System administrators will find the book an invaluable resource for getting detailed information on the various processor and disk scheduling algorithms available in the kernel as well as how to optimise other features of the Linux kernel.
Not too many people want to hack on the kernel core, and instead usually have an itch to scratch with regards to support for new types of hardware. Linux Kernel Development will be of particular interest to people looking to develop a module or driver for the kernel. We are told what is required to initialise and deinitialise a driver, how to configure it to be built with the rest of the kernel, using kobjects to interface with the common driver interface that was a feature of Linux 2.6 and using sysfs to set hardware properties useful for user space applications. All of this is made easier through additional tips and hints with regards to portability and debugging. Unfortunately there is not enough space in the book to cover every single driver subsystem (such as USB, ALSA, and Network) available in the Linux kernel. Of course, each of these subsystems is complex enough, with its own set of tips and hints, that it would warrant its own book.
There is a saying that any piece of code is three times harder to debug than it was to develop. To help out in this regard, Robert shares with us some of his personal favourite techniques for debugging the kernel, both using the ‘printk’ school of debugging and using a variety of debugging tools such as gdb and kdb. Robert gives examples of subtle tricks that can make the new kernel developer’s life a lot easier, like rate limiting debugging messages, generating back traces for parts of the kernel and exposing information through the /proc and /sys interfaces.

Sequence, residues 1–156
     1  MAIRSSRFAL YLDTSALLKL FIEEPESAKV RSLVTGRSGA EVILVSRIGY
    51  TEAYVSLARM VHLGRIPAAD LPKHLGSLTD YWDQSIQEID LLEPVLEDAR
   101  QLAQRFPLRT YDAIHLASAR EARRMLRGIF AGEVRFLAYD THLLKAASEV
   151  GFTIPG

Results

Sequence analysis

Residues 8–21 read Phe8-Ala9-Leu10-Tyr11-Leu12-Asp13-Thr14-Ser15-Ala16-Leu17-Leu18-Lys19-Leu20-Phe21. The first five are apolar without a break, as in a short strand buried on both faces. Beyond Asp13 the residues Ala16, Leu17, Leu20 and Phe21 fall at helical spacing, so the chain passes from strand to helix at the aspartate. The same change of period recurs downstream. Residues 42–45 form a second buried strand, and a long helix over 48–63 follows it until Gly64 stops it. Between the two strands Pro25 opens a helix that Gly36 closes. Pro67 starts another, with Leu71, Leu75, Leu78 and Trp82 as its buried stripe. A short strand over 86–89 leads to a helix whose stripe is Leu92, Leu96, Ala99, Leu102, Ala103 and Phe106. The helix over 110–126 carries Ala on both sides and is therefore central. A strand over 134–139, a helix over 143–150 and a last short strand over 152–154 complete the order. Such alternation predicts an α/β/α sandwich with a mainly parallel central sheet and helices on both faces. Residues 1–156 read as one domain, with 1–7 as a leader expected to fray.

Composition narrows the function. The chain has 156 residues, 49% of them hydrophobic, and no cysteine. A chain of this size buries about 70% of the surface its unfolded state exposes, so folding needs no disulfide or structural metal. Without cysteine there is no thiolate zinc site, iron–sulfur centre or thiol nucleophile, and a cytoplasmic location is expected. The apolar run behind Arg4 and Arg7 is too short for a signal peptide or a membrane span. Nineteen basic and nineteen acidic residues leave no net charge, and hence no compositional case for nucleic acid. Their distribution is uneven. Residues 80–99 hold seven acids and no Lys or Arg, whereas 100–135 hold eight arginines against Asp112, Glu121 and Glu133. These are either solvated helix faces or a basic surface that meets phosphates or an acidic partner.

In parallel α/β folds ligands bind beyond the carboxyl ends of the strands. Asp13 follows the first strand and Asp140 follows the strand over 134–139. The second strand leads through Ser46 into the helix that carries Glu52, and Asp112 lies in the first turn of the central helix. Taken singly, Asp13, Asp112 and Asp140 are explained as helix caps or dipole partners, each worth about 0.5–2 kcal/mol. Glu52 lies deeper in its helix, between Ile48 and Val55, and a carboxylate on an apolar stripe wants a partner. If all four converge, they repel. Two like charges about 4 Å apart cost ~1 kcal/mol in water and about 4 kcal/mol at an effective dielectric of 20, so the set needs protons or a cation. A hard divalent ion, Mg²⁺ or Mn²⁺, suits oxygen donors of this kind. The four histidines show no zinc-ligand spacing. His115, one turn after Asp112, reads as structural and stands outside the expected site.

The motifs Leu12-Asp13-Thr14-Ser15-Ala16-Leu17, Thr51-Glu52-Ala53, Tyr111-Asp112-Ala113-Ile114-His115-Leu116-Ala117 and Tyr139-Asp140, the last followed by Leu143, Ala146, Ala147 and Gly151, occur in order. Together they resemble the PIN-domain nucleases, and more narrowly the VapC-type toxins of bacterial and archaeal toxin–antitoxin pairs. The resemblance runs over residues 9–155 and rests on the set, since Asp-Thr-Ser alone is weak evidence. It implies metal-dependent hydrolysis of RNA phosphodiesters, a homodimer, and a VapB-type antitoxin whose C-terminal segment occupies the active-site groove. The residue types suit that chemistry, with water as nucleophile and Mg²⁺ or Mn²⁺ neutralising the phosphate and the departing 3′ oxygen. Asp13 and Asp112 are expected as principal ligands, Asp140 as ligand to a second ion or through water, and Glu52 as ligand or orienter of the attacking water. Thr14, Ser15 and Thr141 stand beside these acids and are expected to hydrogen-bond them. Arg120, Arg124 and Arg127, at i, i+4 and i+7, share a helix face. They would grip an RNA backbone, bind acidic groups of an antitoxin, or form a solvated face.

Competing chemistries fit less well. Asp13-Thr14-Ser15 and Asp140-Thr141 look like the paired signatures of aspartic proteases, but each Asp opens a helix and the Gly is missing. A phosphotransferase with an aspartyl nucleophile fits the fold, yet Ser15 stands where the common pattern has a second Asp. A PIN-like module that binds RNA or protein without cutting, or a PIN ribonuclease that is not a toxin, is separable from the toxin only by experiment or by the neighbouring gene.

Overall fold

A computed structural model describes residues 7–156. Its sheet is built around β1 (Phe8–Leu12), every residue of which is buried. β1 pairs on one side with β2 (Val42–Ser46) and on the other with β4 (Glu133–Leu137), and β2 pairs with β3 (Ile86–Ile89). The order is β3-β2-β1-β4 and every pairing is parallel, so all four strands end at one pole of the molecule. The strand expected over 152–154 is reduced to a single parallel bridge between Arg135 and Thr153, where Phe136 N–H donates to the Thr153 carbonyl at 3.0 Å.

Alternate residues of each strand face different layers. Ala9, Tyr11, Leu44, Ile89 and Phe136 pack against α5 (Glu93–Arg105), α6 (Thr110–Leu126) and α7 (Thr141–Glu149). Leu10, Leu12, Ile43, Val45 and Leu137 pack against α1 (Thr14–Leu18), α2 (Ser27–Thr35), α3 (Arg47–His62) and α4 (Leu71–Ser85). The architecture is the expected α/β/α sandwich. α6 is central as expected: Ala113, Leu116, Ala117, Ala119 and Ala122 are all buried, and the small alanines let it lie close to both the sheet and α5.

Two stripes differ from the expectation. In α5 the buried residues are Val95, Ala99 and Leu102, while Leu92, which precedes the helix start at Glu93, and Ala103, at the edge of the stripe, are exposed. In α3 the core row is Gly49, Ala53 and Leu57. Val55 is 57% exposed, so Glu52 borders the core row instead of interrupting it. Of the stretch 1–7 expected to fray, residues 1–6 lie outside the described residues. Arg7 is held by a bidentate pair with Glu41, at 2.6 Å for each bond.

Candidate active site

Robert Love’s charming and witty style is prevalent throughout the book. As a more senior developer, and developer of a number of important kernel improvements such as the preemptive kernel space and inotify file change notification interface, he’s not afraid to poke fun at the kernel when appropriate, especially at the sometimes non-sensical nomenclature. New developers realise that sometimes function names don’t make sense even to those who wrote them.
While the first edition of this book was still excellent, you might consider getting the more recent version if you want updated information on the Linux 2.6 kernel. The new edition also includes more information on kernel modules, as well as virtual memory, using the kernel memory allocation functions, getting involved in the Linux kernel community, more debugging tips and lots of new examples.
I recently met up with Robert at a conference in Australia. He was quite modest about his book when I told him how good I found it. A technical bookstore that had set up at the conference sold out of copies of the book within days. In addition to Robert’s suggested uses for the book (lighting fires and beating your cat) I think that Linux Kernel Development is an excellent resource for the would-be or existing kernel developer, operating system enthusiast or student. I think it has a place on every technical shelf and on the book list for any UNIX operating systems course. If asked to give a rating, I would say about 9 out of 10.